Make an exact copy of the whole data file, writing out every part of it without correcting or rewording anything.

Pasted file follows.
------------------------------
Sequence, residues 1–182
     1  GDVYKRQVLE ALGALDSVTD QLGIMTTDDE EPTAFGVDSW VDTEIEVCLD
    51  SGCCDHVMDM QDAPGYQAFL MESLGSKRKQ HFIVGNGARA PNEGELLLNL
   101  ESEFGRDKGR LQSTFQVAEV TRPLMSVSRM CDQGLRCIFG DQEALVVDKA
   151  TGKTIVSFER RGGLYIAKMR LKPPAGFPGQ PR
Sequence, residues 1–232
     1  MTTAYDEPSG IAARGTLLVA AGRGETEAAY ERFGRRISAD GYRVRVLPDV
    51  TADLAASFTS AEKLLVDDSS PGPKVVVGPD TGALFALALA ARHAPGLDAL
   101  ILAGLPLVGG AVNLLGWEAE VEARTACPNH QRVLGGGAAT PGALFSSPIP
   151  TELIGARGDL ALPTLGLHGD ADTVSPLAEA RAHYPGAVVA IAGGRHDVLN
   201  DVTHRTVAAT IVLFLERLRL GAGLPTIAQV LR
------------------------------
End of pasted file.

Sequence, residues 1–182
     1  GDVYKRQVLE ALGALDSVTD QLGIMTTDDE EPTAFGVDSW VDTEIEVCLD
    51  SGCCDHVMDM QDAPGYQAFL MESLGSKRKQ HFIVGNGARA PNEGELLLNL
   101  ESEFGRDKGR LQSTFQVAEV TRPLMSVSRM CDQGLRCIFG DQEALVVDKA
   151  TGKTIVSFER RGGLYIAKMR LKPPAGFPGQ PR
Sequence, residues 1–232
     1  MTTAYDEPSG IAARGTLLVA AGRGETEAAY ERFGRRISAD GYRVRVLPDV
    51  TADLAASFTS AEKLLVDDSS PGPKVVVGPD TGALFALALA ARHAPGLDAL
   101  ILAGLPLVGG AVNLLGWEAE VEARTACPNH QRVLGGGAAT PGALFSSPIP
   151  TELIGARGDL ALPTLGLHGD ADTVSPLAEA RAHYPGAVVA IAGGRHDVLN
   201  DVTHRTVAAT IVLFLERLRL GAGLPTIAQV LR